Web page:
Don’t know if you saw the AZ Republic front page headline the other day, but Congress (mainly Senators McCain and Kyl and Congressman Gosar in the House of Representatives) has basically torpedoed the Overflights EIS by sneaking in an amendment to the enormous transportation bill that just passed. The amendment basically locks in the status quo and may negate any improvements the park would make in the yet-to-be-released Final EIS and Record of Decision. You can read the article here:
Also, please see the attached fact sheet about this current situation. We’re asking for park advocates like you to write letters to the editors to their local newspapers expressing your thoughts (disbelief, displeasure, outrage, all of the above…) about this end run by Congress, the enormous waste of taxpayer dollars, and the disenfranchisement of all of us who weighed in on the draft EIS in order to restore natural quiet in our icon park. Why should noisy commercial air tours be allowed to damage the Grand Canyon’s natural quiet?
To make things easy, here are a few links to the “letter to the editor” forms for newspapers that may be in your area:
Arizona Daily Sun: http://azdailysun.com/html_c0113bdc-e0b2-11e0-b7b2-001cc4c002e0.html
Arizona Republic: http://www.azcentral.com/arizonarepublic/opinions/sendaletter.html
Prescott Daily Courier: http://www.prescottaz.com/Formlayout.asp?formcall=userform&form=1
Las Vegas Sun: http://www.lasvegassun.com/contact/letters/
Salt Lake City Tribune: http://www.sltrib.com/pages/help/ (scroll down for instructions)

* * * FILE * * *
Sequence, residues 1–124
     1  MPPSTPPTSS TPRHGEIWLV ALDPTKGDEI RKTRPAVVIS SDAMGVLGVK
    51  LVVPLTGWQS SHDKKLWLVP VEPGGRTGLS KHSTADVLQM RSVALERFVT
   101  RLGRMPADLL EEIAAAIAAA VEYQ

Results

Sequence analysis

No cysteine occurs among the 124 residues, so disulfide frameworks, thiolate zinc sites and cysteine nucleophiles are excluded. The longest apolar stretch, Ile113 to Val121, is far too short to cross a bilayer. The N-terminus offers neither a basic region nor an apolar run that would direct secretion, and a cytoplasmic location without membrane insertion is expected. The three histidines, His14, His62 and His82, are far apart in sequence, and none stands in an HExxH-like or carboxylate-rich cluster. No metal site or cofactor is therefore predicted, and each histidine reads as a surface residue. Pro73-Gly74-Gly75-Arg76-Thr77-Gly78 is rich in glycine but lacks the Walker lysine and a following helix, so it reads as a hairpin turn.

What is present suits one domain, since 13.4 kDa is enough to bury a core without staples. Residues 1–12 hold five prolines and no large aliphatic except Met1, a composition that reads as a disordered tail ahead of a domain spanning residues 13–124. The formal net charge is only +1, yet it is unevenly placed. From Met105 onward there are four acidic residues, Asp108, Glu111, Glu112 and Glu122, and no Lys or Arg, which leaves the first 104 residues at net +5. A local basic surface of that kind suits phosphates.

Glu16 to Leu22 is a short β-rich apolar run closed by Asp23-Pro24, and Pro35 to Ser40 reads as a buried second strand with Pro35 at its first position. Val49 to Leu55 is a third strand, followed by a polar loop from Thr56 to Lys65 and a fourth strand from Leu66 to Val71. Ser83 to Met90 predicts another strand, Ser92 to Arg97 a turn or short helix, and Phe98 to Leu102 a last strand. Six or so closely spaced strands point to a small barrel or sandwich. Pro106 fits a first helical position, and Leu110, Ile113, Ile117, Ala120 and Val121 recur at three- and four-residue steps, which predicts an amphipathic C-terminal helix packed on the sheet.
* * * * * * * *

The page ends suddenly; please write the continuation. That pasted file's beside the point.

If you don’t see your newspaper listed here, it is easy just to Google it. GCRG has members in all fifty states, so lets’ do a media blitz!
And if you’d also like to decry this Congressional sneak attack and “end run” around the EIS process direct to your Congressional representatives, you can do so at: http://www.contactingthecongress.org/
This was a complete surprise to the NPS and indeed to many other Congressional representatives who are environmental friends as well. It remains to be seen how the NPS will respond and what the fate of the EIS will be. But we’re not ready to give up….
Thanks for your help and please forward as you see fit.
Grand Canyon River Guides
The morning report for the National Park Service on April 10, 2009 reported a man was given jail time and probation for threatening an NPS ranger. The man was originally in trouble for camping in National Parks without the necessary paperwork.
See “Permit Outlaw” Sentenced For Threatening Ranger. I’ve never heard of the term Permit Outlaw, we just always called people who don’t have permits pirates. However this is an example of how a minor problem escalates when you lose your temper.